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bolts meant to shear in the chassis?

Discussion in 'Commercial Snow Removal' started by LINY Rob, Dec 24, 2004.

  1. LINY Rob

    LINY Rob Senior Member
    Messages: 478

    I was speaking to a old timer the other day about my new plow versus my old plow, telling him stories how its going to be so nice to plow in comfort and hopefully not break as many things as I used to, talk got around to how I sheared 2 bolts in the plow chassis where it bolts to the truck last year on my jeep.

    he told me they are meant to do that to limit the damage to your truck and asked if I bought the same replacement bolts, I responded how I went out of my way to find Grade 8 hardware to fix everything and how I went to the trouble of replacing ALL the old bolts with the grade 8 to make sure. He then cautioned me how I have the wrong bolts in the jeep and if I hit something else I will cause alot of damage to my jeep's frame.

    while it makes alot of sense, anyone else hear of this?
    I would think there would be some caution of it in the owners/installaion manuals?

    makes me wonder if something like grade 5 would be better?
  2. Bolts Indus.

    Bolts Indus. PlowSite.com Addict
    Messages: 1,176

    Yes this is true. Mount bolts are meant to shear to protect the vehicle. The mount bolts have to be weaker than the frame or you will damage the frame when you hit something and sooner or later we all hit something. this is not in your manual except under bolt torque and specifications at least Blizzard is.
    Last edited: Dec 24, 2004
  3. justme-

    justme- 2000 Club Member
    Messages: 2,138

    If your breaking those bolts your doing something wrong! 10 years plowing and not a single broken bolt for me. Try not hitting the piles and curbs so hard- I can only imagine what the tranny is like.
  4. Kramer

    Kramer Senior Member
    Messages: 386

    See! I learn something new from you guys all the time!

    Didn't know about the shear bolts either.

    This might be a good thing to bring up to those who might be installing plows themselves. I doubt everyone knows about it--- I've been plowing personal drives for > 20years and never broke a bolt or bent a frame-----but this is great to know.

    Thanks! :waving:
  5. earthwerks

    earthwerks Junior Member
    Messages: 16

    Not only should those bolts break when over-plowing (abusing) but I believe it has been on the law books since 1996 (USDOT regulation) that in the event of a collision--single-car or 2 or more, the "chassis" (which you don't have on a Jeep of that type-- it's a uni-frame or uni-body---all sheet metal parts welded together to form a sort of structure or frame) has to crumple or collapse in a pre-designed way to reduce or mitigate the impact energy. By stiffening it, technically/legally you are violating the intent of the law (discalimer: it has been 6 years since I was in automotive engineering so the laws may have changed) Also, airbag depoyment may be impacted (if so equipped) by simply adding a plow or other accessory to the vehicle.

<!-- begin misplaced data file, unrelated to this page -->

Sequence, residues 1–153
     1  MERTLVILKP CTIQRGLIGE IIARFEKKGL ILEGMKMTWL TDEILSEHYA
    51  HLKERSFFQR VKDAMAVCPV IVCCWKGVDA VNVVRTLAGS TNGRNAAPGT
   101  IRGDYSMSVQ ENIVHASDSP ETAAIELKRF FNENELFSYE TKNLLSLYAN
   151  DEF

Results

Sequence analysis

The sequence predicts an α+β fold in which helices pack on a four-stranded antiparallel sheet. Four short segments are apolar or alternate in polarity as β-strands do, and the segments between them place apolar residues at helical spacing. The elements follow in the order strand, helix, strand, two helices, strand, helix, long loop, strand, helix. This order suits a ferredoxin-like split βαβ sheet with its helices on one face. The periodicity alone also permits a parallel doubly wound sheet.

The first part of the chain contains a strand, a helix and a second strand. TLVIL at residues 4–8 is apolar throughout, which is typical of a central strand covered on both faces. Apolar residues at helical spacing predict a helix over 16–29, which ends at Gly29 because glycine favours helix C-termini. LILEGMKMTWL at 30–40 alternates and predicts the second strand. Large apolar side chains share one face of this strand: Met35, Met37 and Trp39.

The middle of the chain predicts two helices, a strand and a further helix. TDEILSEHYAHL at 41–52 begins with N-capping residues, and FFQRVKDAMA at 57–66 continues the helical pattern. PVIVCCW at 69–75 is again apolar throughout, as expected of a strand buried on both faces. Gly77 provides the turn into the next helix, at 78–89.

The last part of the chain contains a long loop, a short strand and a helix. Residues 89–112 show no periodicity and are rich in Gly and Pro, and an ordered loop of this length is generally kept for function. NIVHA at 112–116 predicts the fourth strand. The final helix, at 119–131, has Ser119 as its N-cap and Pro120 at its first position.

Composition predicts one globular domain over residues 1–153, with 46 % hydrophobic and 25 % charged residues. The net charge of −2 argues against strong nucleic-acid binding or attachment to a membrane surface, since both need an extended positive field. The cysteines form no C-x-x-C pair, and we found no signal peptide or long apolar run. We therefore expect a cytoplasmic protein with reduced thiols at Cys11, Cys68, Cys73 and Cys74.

Those same DOT regs. I speak about, for example, apply to wider than stock tires, frame lifts, bumpers, not wide enough fenders to cover tires, running lights, etc. That is also why since 1996 you don't see the typical pre-1996 snow plow mounts that stayed on the trucks all year round, because of collision concerns.
  6. LINY Rob

    LINY Rob Senior Member
    Messages: 478

    just4me- I hit a submerged bolt that was in place for a new sign going up next door to the place I was plowing, they had removed the fence to put up a new fence as well, I plowed nice and gently like I had for the 7 years prior to that night, and rammed a piece of threaded rod that was concreted in place for a new sign going up, a piece of threaded rod covered by 8" of snow mind you.

    How was I possibly to know it was there?
    Sometimes accidents happen, I have been plowing long enough without breaking anything, I think I know what im doing.
    As far as the tranny- I only wish the tranny on my new truck will last as long as the one in my jeep has- it never missed a beat. Thanks for your concern though :gunsfiring:

    and earthworks- my jeep is in fact a full boxed frame, it puts the frame of many newer trucks to shame.

    all this lecturing and only one person actually answered the question- thanks BOLTS!
    Last edited: Dec 29, 2004
  7. SkykingHD

    SkykingHD Senior Member
    Messages: 368


    I have jeep with box frame. The meyers fastners on my rig are all grade 8 and the special "j" bolts are hardened. You should look at your frame for cracks and damage. This frame is just sheet metal bent to be strong and how meyers mounts the black iron to it can cause problems if you abuse the rig. You have to remove the black iron to see the damage. I dont like how the "j" bolts attach to the frame as it only grips a very small area.

    I have had to repair the frame on my jeep. Cost of doing business.

  8. LINY Rob

    LINY Rob Senior Member
    Messages: 478

    the bolt I broke that time sheared right off, frame was perfect, not a mark or crack in it.

    I heated it and removed the remaining threads and used the same hole over again. Truck is semi retired now being used as a back up truck and to clear a repair shop that my friend owns.